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Saturday, 5 April 2008

Serafin Sandoval-Vega,Manuel Enrique Camacho,Roxana Hernandez This wasn’t a road-rage shooting. It was a Sureno 13 gang initiation

Daniel Ray Francis, a father of four from Little Flock, was shot in the back of the head May 6, 2006, as he rode in a friend’s car on U. S. 71 Business near Pleasant Grove Road. Serafin Sandoval-Vega, 20, Manuel Enrique Camacho, 27, and Roxana Hernandez, 22, are charged in Benton County Circuit Court in connection with his death. Witness statements show that 32-year-old Francis was gunned down in a gang crime, prosecutors say. Tracy Stith told investigators that he and Francis had been in a roadway dispute with the trio and that both cars took turns cutting in front of each other and slamming on the brakes. After about 15 minutes, Sandoval-Vega stuck a gun out the window of Camacho’s Honda Civic and fired, prosecutors say. “This wasn’t a road-rage shooting. It was a gang initiation,” said Al Valdez, a gang expert. “Mr. Camacho seized an opportunity in a dispute with strangers to let Sandoval-Vega commit a crime to get into a gang.” Sandoval-Vega, whom prosecutors say pulled the trigger, is charged with capital murder, while Camacho and Hernandez are charged with being accomplices. Prosecutors are seeking the death penalty against Sandoval-Vega and Camacho. Hernandez, if convicted, faces up to life in prison. Valdez is a retired California gang investigator who is an adjunct professor with University of California, Irvine. He is a regular guest on the History Channel TV series Gangland.
Circuit Judge Tom Keith will decide before a May 7 hearing if Valdez’s testimony will be allowed as evidence. Defense attorneys Friday called their own expert who contested the findings of Valdez. Valdez said Friday that he made his determination in the case based on gang tattoos on Camacho’s body, on Camacho’s deep involvement with gang crime in California and on statements that he and others made after their arrests in Benton County. Valdez relied heavily on statements by informants who told prosecutors Camacho bragged to them in detail while in the county jail that the killing was a gang initiation. Camacho bragged to informants that he’s a “shot caller” with a local sect of Sureno 13, a Hispanic gang with roots in California, Valdez said. Camacho purportedly said the gang requires new members to shoot someone to get in. Camacho told informants he and the others were “on a mission” the day of the shooting, meaning they were carrying out a gang act or crime, Valdez said.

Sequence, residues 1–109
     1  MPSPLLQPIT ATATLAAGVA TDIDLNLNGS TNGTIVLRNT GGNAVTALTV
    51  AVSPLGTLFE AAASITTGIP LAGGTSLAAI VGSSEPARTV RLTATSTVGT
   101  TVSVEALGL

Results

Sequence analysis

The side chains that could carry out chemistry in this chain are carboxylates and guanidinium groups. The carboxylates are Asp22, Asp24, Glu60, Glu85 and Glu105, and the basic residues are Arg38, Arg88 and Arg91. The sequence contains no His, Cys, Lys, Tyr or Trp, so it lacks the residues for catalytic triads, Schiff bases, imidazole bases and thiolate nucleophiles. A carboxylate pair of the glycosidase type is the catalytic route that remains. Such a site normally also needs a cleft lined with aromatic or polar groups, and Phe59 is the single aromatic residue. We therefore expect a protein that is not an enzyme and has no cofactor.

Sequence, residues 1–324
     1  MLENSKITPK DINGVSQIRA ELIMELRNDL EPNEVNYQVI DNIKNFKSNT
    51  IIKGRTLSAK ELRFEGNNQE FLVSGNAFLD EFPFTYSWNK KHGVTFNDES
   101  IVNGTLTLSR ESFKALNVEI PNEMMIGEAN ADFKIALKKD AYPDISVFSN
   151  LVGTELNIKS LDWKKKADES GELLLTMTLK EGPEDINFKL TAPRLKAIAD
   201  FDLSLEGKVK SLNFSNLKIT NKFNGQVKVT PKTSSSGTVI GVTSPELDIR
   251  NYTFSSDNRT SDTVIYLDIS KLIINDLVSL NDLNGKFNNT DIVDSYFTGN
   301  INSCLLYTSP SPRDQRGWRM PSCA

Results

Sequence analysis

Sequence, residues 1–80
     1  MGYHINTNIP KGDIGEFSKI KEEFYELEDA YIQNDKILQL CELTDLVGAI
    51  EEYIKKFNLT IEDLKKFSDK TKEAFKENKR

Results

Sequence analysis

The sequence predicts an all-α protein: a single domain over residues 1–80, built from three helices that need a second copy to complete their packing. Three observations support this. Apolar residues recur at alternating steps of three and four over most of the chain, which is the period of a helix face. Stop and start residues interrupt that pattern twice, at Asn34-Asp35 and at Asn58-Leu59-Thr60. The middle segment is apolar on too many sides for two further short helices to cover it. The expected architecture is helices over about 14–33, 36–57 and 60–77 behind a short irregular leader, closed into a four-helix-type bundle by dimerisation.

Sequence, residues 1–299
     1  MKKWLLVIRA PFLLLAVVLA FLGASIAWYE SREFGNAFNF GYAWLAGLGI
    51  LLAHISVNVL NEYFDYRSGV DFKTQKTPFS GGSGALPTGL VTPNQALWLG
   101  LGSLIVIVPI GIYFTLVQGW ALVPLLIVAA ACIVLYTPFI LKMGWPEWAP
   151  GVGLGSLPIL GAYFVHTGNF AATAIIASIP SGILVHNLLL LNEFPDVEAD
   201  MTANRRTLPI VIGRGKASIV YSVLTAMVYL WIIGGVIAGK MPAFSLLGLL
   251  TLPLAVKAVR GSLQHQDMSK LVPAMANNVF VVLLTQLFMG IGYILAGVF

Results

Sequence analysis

Camacho told informants he “threw” a gang sign before Sandoval-Vega fired at Francis, and that he told Sandoval-Vega to “shoot that fool,” Valdez said.
As a juvenile, Camacho had been convicted in Monterey County, Calif., in a drive-by shooting, Valdez said. After he moved to Rogers, he told police who questioned him in 2006 that he belonged to the South 18 th Street gang. After his arrest in Francis’ slaying, he bragged to informants that he had “people below him” in the local gang. “This is typical of gang members who leave California and become transplants in other states,” Valdez said. “He became a big fish in a little pond. The local kids looked up to him. He had instant street credibility.” Camacho’s tattoos include “Sur” on his stomach and “13” on his right arm, Valdez testified. On his neck, he has “831” the area code near where he lived in California. Camacho looked gaunt in court Friday and wore the collar of a white dress shirt up high around his neck. He and Hernandez had several supporters in court, while Sandoval-Vega had none. Twyla Francis, widow of the dead man, sat stoically with friends and family. Her face flushed when Valdez said the defendants “played with” Francis and Stith, engaging them in the roadway dispute for about 15 minutes before Sandoval-Vega fired with Camacho’s gun.
The defense expert, Brian Contreras, who runs the nonprofit youth program Second Chance in Salinas, Calif., testified that the shooting lacks the characteristics of a true gang shooting. Contreras studies and works with members of Vagos Sureno, a gang Camacho belonged to when he lived in the Salinas area.

“I don’t believe this crime was gang-related,” Contreras said. “Most gang crime is gangon-gang. The majority of our gang members will not target innocent victims. They’re out for territorial-based control, and they will not shoot an innocent person as an initiation. They’ll target rival gang members.” An arrest affidavit released shortly after the shooting states that Stith and Francis first noticed Camacho’s black Honda Civic after the two men left County Line Liquor in Springdale.

“Look out for the guys behind us,” Francis said to Stith, his coworker at J. B. Hunt Transport Services Inc. of Lowell.
Stith said the Honda sped up behind his Acura, then quickly passed it. The Civic whipped in front of Stith’s car and applied the brakes three times.
Camacho stuck his hand out the sunroof and made an obscene gesture, Stith said. Stith drove behind the Civic for a while, then passed it. He got in front of the car and, too, tapped his brakes.
The two cars separated and continued north on 71 B. At Pleasant Grove Road, the Civic pulled up alongside Stith and Francis and the tinted passenger window went down. A gun came out and began firing.
Francis was struck three times. Stith said he got the Civic’s license plate and called 911.
Hours later, police arrested the trio at a Bentonville convenience store parking lot. They found a pistol and a box of bullets in Camacho’s car, court records show.


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